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Passing parameters to Word VBA macros

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All my searches in forum posts has not revealed how to pass parameters to macros in Word 2000 VBA. Here is a sample module in Word.

CODE
Public Sub ShowMe(Optional strText As String = "")

MsgBox "AutoIt says: " & strText

End Sub

And the companion AutoIt code:

$oWord = ObjGet("","Word.Application")
If @error = 1 or $oWord = 0 Then
    MsgBox(0,"","Failed to access Word")
Else
    $sMacro = "AutoItTest.ShowMe"
    $oWord.Application.Run($sMacro)
EndIf
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I've tried many variations, all with no result. Help!

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Here's the AutoIt COM syntax for .Run()

$oWord.Application.Run($sMacro, $Param1, $Param2, $Param3, ...)

-S


(Yet Another) ExcelCOM UDF"A human being should be able to change a diaper, plan an invasion, butcher a hog, conn a ship, design a building, write a sonnet, balance accounts, build a wall, set a bone, comfort the dying, take orders, give orders, cooperate, act alone, solve equations, analyze a new problem, pitch manure, program a computer, cook a tasty meal, fight efficiently, die gallantly...[indent]...specialization is for insects." - R. A. Heinlein[/indent]

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I can't believe it was that simple. Argh! I couldn't find any documentation (at least in reference to AutoIt) to show that syntax. Thank you so much Locodarwin!

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#4 ·  Posted (edited)

The best documentation for the Word object model comes right out of Word's VBA helpfiles.

Open Word, hit ALT+F11 to get to VBA, then hit F2 to bring up the object browser, then type in your query. In your case, I looked up the word "Run" and looked through the list until I found Application -> Run, at which point I right clicked on it and selected "Help."

I guess the key to converting VBA to AutoIt is to remember that the biggest difference is in how you use variables (e.g. the dollar sign). For the most part, methods, properties, and collections work in AutoIt just like they do in VBA - meaning, once you understand the nuances you can work with just about any Office object practically as-is.

Of course, you may already know that VBA documentation and much more is available via MSDN, which will inevitably become very important to you as you continue working with the Office object models:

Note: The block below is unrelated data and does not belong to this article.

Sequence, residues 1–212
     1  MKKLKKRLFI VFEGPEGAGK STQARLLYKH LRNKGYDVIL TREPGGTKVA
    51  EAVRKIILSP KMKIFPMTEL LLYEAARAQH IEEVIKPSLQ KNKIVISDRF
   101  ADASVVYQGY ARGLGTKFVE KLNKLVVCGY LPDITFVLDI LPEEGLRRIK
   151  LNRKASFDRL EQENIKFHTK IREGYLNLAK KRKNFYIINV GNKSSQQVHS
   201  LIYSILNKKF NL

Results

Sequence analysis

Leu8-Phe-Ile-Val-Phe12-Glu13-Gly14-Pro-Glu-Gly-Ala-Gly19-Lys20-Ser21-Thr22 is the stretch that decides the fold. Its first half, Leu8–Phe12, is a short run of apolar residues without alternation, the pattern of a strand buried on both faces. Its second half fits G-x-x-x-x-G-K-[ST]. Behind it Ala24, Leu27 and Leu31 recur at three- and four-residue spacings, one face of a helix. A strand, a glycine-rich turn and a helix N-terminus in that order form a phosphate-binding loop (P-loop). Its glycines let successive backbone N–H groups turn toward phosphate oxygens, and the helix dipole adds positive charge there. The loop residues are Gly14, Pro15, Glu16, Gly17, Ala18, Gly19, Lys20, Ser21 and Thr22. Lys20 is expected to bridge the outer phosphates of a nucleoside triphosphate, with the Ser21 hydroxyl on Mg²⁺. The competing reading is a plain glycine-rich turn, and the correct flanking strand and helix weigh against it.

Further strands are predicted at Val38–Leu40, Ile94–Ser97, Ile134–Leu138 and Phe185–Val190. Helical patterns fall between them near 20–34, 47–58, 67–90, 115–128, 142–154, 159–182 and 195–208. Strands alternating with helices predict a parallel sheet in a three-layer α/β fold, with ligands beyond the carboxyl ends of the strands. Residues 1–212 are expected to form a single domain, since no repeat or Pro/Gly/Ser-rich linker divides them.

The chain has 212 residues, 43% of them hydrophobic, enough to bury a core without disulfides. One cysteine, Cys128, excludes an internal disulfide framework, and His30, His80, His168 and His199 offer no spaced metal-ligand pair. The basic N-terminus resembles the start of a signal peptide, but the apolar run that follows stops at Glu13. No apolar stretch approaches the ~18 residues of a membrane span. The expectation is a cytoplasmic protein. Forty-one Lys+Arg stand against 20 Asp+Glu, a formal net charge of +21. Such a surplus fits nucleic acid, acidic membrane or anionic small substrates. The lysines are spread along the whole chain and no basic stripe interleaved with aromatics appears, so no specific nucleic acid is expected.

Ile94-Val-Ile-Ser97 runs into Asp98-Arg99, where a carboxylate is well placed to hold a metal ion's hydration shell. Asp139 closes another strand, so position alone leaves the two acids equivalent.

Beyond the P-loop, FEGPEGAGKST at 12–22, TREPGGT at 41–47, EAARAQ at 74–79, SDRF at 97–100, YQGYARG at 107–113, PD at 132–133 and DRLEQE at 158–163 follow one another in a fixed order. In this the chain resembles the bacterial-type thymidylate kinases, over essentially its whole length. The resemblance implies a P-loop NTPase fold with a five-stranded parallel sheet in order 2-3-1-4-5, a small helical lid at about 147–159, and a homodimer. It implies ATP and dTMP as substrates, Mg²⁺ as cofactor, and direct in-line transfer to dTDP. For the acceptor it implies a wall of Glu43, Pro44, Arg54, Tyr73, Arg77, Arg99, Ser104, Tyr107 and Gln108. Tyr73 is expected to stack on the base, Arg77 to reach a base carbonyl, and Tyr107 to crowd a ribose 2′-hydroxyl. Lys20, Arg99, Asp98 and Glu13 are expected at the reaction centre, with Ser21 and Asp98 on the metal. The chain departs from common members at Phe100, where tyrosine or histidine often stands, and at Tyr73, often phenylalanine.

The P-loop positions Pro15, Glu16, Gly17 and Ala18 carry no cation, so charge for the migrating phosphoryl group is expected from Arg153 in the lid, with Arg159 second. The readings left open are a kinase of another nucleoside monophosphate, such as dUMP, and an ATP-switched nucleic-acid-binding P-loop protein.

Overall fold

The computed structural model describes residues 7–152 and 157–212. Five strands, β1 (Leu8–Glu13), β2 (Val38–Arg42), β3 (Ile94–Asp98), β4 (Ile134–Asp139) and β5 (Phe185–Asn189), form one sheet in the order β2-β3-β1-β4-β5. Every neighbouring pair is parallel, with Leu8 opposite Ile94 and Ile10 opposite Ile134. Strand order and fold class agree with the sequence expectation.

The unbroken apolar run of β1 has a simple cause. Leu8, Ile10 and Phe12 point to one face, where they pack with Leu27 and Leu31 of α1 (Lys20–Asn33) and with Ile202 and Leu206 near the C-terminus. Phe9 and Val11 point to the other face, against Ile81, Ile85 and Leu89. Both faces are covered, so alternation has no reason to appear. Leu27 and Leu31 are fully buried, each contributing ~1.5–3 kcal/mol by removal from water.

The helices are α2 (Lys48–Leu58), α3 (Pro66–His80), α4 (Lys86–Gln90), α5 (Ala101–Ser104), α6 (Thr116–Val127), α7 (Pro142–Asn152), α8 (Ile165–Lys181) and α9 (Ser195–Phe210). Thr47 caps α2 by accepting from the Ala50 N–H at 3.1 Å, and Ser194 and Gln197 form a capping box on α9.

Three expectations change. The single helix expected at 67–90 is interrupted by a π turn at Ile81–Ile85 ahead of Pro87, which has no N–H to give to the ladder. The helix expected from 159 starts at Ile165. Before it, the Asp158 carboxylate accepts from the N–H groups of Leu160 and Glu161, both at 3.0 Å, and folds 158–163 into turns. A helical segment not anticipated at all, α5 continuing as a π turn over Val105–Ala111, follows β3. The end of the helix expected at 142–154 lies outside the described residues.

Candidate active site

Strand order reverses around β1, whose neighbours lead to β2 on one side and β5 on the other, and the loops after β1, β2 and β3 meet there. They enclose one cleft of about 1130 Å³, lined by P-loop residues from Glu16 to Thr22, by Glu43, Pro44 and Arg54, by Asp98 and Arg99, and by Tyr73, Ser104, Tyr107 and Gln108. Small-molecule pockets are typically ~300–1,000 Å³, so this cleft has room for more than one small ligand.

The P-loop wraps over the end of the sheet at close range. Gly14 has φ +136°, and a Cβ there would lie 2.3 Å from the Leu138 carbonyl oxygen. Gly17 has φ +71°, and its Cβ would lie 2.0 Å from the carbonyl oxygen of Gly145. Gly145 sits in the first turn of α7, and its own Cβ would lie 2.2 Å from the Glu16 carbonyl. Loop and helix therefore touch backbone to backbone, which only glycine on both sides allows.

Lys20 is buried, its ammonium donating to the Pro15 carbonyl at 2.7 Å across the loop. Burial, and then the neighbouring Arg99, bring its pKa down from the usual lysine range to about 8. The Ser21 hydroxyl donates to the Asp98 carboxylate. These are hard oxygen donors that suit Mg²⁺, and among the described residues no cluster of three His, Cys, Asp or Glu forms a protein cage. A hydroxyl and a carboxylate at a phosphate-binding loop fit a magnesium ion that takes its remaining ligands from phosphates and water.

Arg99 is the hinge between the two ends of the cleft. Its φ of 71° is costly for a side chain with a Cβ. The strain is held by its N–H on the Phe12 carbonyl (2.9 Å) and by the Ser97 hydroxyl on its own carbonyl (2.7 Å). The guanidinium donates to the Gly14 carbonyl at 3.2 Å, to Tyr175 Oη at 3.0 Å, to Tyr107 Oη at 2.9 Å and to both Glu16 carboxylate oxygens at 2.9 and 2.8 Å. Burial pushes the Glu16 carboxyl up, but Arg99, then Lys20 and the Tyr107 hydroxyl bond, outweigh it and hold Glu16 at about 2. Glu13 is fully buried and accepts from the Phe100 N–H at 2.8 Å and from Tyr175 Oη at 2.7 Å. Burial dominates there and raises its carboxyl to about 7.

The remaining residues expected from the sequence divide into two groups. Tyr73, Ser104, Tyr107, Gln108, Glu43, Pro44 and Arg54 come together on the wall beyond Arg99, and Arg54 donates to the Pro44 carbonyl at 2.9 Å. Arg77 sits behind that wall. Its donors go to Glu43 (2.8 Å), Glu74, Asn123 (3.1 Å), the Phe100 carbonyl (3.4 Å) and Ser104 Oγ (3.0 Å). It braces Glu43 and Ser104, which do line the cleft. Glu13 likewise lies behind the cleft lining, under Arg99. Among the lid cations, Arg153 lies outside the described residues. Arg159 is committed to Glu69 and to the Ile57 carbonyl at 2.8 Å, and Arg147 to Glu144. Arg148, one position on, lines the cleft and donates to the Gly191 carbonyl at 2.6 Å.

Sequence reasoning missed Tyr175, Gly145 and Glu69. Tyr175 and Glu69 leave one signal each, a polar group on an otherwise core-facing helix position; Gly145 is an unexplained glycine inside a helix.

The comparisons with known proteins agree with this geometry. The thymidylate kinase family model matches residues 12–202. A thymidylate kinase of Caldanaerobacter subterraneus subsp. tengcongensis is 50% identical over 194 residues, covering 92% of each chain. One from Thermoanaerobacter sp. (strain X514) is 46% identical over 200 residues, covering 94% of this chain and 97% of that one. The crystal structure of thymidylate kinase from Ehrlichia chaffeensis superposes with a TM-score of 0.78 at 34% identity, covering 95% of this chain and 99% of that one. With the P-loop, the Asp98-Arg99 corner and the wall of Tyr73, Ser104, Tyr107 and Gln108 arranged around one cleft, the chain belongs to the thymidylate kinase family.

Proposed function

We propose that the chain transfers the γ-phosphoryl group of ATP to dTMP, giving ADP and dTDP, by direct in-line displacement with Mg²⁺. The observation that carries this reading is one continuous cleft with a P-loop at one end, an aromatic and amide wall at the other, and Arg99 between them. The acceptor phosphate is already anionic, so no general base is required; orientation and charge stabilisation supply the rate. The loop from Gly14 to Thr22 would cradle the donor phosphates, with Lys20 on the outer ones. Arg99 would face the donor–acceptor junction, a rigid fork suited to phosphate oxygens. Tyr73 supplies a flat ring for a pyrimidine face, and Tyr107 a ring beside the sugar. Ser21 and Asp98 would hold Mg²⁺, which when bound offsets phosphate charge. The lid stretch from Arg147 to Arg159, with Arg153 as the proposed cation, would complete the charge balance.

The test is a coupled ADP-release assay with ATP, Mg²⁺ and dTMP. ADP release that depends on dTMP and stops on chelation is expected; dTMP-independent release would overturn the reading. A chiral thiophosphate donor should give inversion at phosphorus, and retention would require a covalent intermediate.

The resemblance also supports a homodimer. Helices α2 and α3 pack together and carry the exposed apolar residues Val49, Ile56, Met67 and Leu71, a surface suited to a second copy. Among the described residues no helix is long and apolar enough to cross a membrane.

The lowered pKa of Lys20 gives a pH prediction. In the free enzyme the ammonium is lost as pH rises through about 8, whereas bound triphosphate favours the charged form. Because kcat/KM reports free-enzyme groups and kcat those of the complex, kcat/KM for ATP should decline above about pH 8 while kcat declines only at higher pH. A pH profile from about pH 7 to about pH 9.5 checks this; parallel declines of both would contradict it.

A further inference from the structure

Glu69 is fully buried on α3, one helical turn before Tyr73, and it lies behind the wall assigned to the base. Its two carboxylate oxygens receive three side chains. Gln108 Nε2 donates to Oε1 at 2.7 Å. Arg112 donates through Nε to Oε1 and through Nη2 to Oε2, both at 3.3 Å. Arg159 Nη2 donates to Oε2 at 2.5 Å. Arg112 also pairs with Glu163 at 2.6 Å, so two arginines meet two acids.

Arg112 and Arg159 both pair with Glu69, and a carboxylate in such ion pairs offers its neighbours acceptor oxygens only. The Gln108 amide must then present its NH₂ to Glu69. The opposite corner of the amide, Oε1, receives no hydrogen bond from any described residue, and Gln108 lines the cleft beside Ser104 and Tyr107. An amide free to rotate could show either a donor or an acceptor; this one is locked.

http://msdn2.microsoft.com/en-us/office/aa905497.aspx

Highly recommended if you're not already using it.

-S

Edited by Locodarwin

(Yet Another) ExcelCOM UDF"A human being should be able to change a diaper, plan an invasion, butcher a hog, conn a ship, design a building, write a sonnet, balance accounts, build a wall, set a bone, comfort the dying, take orders, give orders, cooperate, act alone, solve equations, analyze a new problem, pitch manure, program a computer, cook a tasty meal, fight efficiently, die gallantly...[indent]...specialization is for insects." - R. A. Heinlein[/indent]

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Now I feel like a dork, because I did check VBA help when I was trying to figure this out and saw exactly what you're talking about. My mistake was that I thought the procedure name and parameters had to all be inside one parameter in AutoIt, as follows:

$sMacro = "Interact.AutoItDone, Success"
    $oWord.Application.Run($sMacro)

Of course we're all idiots at times. :) Live and learn. Thanks again.

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My mistake was that I thought the procedure name and parameters had to all be inside one parameter in AutoIt, as follows:

Believe me, I've made bolder mistakes than that while trying to get COM working with AutoIt. :)

-S


(Yet Another) ExcelCOM UDF"A human being should be able to change a diaper, plan an invasion, butcher a hog, conn a ship, design a building, write a sonnet, balance accounts, build a wall, set a bone, comfort the dying, take orders, give orders, cooperate, act alone, solve equations, analyze a new problem, pitch manure, program a computer, cook a tasty meal, fight efficiently, die gallantly...[indent]...specialization is for insects." - R. A. Heinlein[/indent]

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